Living on Planet Earth Poetry

May 1, 2014

Yvonne Blomer - As if a Raven
This is a guest post by Yvonne Blomer*, who introduces Planet Earth Poetry by sharing a New York School-style poem she wrote as part of her poem-a-day commitment for National Poetry Month.

Living on Planet Earth Poetry/ a NY School poem in honour of Poetry Month
     for Wendy Morton

In 2009 I took over the running and organizing of a place called Planet Earth Poetry, informally PEP. PEP is a weekly reading series in Victoria, B.C., where people walk through the door and step onto the planet called Poetry.

 
It was 2009 darling, do you remember?
My baby was three and you coasting toward 70.
The Moka House was still The Black Stilt and
birds or bars were endangered everywhere — renovations,
relocations, The George and Dragon’s dingy darkness
eaten and regurgitated as The Fernwood Inn
all shiny and bright in its hope for the future.
Every Friday, sweetheart, just down the hill
corner of Scott and Hillside we spread arms
and flew (still do) with Daniel, Dvora, Judith,
the Wendies and Davids
Rhona or Rhonda or both. Their wild poems, wild hearts.
Folks had to park at Hillside Mall and dodge traffic,
then squeeze in the room the night Patrick Lane read,
the students cross-legged on the floor around him.
If the Fire Dept. had come you would have said, arm on
your hip,
“F*** man, it’s Poetry Night!” And I, the new impresario,
would have wagged my shoulders a little,
tossed my head. Then Brian Bartlett, Brian Brett
his ginormous voice and poems out for the moon.
Pamela Porter sang to us one night and the years just
kept spinning.
Macha became the rage, though Sheila steadied with her
knitting
and glass of red wine, the scarf or sweater getting long.
When Naomi read, her twin sat, a perfect replica of Atwood.
Imagine, my love, if Atwood read, what then?
May as well call it quits, and throw in the towel.
The years, and the years and now Lane no longer smokes
and more and more poets dying of old age than suicide
or overdose.
How many books have you launched from this stage,
though now
you’ve turned your eye to the young, their elders,
the plight of our nation’s first people while I send out
my third, all birds, in that time.
We built, and we build this place on a crowd and
a microphone,
the crowd steady, the poets’ voices clear even when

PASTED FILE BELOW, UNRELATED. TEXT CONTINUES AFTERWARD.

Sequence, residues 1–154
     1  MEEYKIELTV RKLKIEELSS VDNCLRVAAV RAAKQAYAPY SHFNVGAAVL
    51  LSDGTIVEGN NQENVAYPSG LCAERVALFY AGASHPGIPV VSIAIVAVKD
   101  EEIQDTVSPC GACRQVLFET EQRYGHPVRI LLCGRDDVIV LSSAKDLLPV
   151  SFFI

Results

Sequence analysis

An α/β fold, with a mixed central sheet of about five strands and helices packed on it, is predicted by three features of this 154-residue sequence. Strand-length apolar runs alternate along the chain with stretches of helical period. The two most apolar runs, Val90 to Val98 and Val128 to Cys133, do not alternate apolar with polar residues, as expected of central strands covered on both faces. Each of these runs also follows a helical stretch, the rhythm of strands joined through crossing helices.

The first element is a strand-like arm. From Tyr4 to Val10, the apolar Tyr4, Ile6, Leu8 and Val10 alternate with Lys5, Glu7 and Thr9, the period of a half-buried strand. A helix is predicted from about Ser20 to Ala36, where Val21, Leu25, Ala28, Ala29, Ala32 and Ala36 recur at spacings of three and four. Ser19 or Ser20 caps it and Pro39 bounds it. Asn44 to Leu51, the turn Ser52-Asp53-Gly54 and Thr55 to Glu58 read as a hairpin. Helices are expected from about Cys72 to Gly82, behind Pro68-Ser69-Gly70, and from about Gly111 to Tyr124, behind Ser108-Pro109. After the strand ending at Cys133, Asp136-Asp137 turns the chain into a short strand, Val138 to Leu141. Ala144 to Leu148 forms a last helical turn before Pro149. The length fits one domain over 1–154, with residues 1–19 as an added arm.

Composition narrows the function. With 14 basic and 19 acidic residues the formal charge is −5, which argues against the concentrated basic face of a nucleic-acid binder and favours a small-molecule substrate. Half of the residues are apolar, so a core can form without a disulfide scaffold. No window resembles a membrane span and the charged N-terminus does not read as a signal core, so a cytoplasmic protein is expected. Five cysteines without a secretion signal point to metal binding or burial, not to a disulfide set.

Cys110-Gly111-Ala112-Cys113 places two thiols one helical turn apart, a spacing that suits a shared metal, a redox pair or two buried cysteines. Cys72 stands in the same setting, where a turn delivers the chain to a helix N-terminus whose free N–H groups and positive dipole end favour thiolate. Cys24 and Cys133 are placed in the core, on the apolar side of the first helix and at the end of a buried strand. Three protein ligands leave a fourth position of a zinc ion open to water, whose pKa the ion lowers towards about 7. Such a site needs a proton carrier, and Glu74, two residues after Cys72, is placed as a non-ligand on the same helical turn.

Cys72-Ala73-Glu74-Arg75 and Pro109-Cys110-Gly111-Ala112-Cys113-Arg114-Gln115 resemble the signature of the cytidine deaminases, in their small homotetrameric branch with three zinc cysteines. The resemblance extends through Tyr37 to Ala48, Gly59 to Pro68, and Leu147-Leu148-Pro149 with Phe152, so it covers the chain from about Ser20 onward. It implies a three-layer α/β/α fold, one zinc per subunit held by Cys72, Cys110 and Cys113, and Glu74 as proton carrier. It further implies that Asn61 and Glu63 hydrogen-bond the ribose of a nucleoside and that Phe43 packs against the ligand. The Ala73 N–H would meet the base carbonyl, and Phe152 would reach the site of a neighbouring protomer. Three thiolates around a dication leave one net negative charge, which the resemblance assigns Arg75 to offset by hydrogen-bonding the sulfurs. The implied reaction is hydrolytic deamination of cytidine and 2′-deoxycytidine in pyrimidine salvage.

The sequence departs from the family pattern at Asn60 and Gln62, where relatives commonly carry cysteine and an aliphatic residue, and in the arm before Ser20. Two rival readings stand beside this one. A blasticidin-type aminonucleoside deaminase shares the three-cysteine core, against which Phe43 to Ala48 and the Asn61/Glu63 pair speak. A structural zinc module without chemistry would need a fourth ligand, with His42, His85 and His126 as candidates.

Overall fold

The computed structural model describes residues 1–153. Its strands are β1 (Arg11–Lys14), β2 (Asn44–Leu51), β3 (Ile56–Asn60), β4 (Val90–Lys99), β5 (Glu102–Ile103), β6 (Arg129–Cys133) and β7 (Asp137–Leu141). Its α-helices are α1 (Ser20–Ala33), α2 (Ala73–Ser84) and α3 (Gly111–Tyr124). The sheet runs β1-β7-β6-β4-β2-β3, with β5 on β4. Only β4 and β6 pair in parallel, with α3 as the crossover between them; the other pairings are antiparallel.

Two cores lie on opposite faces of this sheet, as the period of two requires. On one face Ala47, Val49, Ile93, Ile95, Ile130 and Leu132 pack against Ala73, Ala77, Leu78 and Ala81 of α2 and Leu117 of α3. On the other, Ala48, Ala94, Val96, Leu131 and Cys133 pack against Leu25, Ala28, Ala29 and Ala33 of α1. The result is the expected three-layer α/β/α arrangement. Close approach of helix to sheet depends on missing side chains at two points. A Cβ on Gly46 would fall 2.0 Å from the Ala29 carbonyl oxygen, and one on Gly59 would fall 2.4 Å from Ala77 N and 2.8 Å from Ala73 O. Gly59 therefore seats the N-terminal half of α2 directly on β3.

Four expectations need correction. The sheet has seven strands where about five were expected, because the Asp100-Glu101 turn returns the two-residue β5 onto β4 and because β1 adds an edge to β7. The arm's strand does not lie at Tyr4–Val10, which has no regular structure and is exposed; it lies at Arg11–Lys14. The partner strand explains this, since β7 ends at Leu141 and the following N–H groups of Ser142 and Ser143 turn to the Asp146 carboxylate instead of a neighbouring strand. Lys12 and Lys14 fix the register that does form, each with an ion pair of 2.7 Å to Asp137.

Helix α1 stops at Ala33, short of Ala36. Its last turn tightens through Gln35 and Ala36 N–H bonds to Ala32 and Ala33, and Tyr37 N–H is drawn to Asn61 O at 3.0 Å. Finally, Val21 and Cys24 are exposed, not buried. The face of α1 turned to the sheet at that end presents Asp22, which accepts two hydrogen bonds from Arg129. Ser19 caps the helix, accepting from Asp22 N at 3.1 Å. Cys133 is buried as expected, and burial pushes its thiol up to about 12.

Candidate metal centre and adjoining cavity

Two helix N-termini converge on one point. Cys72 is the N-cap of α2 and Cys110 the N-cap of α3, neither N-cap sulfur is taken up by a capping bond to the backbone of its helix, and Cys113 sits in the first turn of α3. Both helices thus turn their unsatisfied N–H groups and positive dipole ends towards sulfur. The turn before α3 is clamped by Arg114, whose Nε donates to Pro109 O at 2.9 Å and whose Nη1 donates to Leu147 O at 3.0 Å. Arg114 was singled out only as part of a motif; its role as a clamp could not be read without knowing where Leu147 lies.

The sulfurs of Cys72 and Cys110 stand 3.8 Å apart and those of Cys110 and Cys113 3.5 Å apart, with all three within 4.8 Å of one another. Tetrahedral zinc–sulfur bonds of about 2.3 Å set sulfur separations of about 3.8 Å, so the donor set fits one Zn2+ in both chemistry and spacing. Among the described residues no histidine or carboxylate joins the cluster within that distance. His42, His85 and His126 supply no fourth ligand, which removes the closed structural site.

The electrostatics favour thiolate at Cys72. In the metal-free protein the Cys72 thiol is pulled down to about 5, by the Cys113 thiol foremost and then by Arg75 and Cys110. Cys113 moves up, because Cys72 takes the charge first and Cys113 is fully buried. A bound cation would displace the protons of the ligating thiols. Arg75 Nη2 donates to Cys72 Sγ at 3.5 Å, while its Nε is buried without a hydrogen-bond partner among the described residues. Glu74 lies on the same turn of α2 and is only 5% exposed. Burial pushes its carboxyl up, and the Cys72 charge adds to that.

the mic falters.
Remember that night the lights and mic went out? You swore
“S**t” and rolled your eyes my way. But it all went fine
as poet after poet stood on chairs, hollered out their Yeats,
Eliot, Pound,
Bishop, Dickenson, Neruda, and Purdy,
I sold raffle tickets by the length of my arm for Medicine
sans Frontier,
then did that every year. It feels like forever ago,
and it feels like the same night, every Friday, but a new
song on the stereo.
Poetry rings the dinner bell, scratches the buttocks,
whispers in the ear,
dreams humanity in fedoras and rain coats walking
Hillside Ave.
stopping to peer in through the windows,
wait for a pause, and step off this earth.

 
*Yvonne Blomer is the Artistic Director of Planet Earth Poetry, a poetry-reading event that happens nearly every Friday night at Hillside Coffee and Tea (formerly The Moka House) in Victoria. [Ed. note: go!] Her most recent book is As if a Raven (Palimpsest Press, 2014). In 2013 she and Cynthia Woodman Kerkham co-edited Poems from Planet Earth (Leaf Press), an anthology out of the reading series. Read an interview with Yvonne in commatology, visit her website and come hear her read from As if a Raven on Sunday, May 4, 2014, at 4:00pm at Village Books. She will also be participating tonight, Thursday, May 1, and Saturday, May 3, in the reading of Force Field (Mother Tongue Publishing) at the Cascadia Poetry Festival.

Advertisements

Leave a Reply

Fill in your details below or click an icon to log in:

WordPress.com Logo

You are commenting using your WordPress.com account. Log Out /  Change )

Google+ photo

You are commenting using your Google+ account. Log Out /  Change )

Twitter picture

You are commenting using your Twitter account. Log Out /  Change )

Facebook photo

You are commenting using your Facebook account. Log Out /  Change )

Connecting to %s

This site uses Akismet to reduce spam. Learn how your comment data is processed.

%d bloggers like this: